Enzymes. Temperature. Aging. And how to roast juicy and tender beef at home.
A tender and juicy piece of roast beef just melts in our mouth. The way it melts in our mouth, with just the right amount of juices, is a pleasure savored by many.
Good restaurants can serve up this yummy treat partly because they use dry-aged beef. In dry aging, the meat is left in a temperature-controlled environment at around 2oC/36oF for about 2-4 weeks (see below).
The water evaporates, and both microbes in the air and enzymes in the meat break down the proteins, giving us a unique, strong and concentrated taste (you can read more about this in this 1-Minute NomNom “Wagyu might want to meat me”).
But the beef we buy for ourselves at the supermarket (see below) is usually wet-aged because it is faster, more convenient, and cheaper. It is less tender and juicy. So how can we get a tender roast beef that tastes like what is in the restaurants?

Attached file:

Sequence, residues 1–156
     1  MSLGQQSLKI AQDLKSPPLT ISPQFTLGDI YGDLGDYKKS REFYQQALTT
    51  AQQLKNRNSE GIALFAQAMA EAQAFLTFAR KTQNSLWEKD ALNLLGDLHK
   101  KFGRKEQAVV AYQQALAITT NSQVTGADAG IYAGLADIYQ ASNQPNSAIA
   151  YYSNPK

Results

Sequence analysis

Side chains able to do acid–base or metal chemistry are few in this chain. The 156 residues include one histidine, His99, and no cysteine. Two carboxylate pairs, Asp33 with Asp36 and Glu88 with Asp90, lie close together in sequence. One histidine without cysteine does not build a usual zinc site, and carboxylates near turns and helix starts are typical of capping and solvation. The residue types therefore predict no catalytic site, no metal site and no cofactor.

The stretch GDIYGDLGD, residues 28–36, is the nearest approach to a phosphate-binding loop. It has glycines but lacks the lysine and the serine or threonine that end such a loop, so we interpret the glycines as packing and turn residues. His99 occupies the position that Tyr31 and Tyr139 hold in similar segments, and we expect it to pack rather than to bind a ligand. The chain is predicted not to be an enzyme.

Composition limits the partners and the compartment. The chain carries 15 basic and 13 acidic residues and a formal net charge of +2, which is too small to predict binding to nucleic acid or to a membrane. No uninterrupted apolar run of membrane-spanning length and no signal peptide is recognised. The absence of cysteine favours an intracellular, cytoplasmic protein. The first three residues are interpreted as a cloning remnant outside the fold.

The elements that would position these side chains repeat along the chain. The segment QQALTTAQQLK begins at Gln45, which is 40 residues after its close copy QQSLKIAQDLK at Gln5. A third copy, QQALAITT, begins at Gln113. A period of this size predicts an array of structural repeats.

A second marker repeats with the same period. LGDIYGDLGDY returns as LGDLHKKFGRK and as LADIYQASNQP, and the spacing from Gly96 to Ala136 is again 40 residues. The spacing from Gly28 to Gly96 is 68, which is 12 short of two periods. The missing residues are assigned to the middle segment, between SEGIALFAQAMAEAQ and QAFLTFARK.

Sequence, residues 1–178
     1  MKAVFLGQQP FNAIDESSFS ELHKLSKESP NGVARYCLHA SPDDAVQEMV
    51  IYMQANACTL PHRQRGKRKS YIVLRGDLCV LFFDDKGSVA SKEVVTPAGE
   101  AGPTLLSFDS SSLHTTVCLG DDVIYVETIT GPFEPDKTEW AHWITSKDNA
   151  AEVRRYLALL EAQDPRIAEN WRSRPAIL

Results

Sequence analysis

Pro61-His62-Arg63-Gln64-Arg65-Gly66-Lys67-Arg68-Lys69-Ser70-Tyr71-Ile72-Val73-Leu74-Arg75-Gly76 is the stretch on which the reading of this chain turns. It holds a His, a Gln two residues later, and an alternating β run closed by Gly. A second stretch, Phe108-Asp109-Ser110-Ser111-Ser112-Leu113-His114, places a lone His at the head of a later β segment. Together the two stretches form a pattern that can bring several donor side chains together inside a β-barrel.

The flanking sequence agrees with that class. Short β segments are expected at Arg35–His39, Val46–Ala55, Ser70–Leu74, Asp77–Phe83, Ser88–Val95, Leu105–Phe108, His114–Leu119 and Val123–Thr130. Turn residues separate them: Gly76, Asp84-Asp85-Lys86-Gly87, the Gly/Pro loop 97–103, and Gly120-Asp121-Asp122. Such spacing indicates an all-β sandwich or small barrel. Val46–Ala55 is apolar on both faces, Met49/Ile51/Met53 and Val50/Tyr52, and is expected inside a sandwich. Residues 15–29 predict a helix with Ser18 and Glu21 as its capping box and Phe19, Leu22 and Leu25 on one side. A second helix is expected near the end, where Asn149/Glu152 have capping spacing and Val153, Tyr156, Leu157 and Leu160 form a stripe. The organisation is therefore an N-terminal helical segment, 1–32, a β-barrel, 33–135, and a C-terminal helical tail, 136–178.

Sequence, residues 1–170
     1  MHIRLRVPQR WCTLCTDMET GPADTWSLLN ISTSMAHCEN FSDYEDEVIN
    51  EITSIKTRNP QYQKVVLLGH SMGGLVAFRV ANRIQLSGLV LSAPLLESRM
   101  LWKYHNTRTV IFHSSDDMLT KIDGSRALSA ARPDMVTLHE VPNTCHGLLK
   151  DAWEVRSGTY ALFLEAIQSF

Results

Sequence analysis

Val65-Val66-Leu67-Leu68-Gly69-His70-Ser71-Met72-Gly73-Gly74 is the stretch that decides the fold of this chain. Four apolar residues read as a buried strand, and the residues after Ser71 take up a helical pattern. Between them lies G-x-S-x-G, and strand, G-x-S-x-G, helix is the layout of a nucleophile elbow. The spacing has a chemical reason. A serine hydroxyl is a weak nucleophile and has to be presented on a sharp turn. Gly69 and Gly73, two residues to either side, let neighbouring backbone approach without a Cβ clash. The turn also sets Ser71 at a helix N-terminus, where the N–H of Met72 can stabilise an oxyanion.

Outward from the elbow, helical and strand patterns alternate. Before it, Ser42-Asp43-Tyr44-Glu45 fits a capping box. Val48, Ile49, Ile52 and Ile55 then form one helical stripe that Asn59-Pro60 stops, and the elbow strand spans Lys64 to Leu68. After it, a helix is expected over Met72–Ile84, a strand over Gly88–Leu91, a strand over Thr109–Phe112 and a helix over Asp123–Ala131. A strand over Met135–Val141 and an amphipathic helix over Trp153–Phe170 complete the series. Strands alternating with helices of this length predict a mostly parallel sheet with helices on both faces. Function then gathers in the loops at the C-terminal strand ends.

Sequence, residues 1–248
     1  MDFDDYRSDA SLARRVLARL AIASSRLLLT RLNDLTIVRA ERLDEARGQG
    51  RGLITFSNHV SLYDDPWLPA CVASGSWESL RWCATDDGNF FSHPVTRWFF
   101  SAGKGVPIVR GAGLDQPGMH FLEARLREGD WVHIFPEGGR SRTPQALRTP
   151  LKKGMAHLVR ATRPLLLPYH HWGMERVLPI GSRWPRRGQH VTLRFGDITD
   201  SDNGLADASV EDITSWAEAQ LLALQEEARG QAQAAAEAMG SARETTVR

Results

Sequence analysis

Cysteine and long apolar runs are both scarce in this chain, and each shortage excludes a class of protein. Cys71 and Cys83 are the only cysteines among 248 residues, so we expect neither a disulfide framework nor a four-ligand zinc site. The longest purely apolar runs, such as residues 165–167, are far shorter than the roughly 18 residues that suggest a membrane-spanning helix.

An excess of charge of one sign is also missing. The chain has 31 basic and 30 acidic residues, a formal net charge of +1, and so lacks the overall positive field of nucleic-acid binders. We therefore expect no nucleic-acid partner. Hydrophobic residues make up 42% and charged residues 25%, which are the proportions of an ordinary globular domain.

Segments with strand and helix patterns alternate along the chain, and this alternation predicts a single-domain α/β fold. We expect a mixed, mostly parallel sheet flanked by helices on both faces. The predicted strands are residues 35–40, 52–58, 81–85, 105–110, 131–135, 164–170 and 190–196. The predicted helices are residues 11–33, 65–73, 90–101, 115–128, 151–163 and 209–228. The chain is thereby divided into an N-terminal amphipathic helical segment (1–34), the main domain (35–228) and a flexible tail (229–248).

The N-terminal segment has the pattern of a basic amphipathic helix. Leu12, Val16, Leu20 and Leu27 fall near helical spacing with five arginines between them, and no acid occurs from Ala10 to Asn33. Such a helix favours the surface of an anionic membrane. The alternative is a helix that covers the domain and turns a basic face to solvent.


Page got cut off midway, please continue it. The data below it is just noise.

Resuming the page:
We take advantage of the relationship between temperature and the enzymes in the meat! Enzymes are “protein molecules in cells which work as catalysts… [they] speed up chemical reactions.. but do not get used up in the process”. At higher temperatures, enzymes tend to be more active.
In beef, the two enzymes are calpains and cathepsins. For dry-aging, at 2oC/36oF, these enzymes need 2-4 weeks to “age” the beef. But if we raise the temperature to just below 50oC/122oF (beyond that, the enzymes denaturate i.e. their structure breaks down) and roast the beef slowly, the enzymes will increase their activity. They will break down the proteins more rapidly, giving us the same effect as dry-aged beef in a matter of hours instead of weeks.
The roast beef you have at home can now taste almost, if not as yummy as what you get in the restaurants!
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photos: in order – depositphotos/strelok; istockphoto/neiljlangan; depositphotos/frinz; kozicki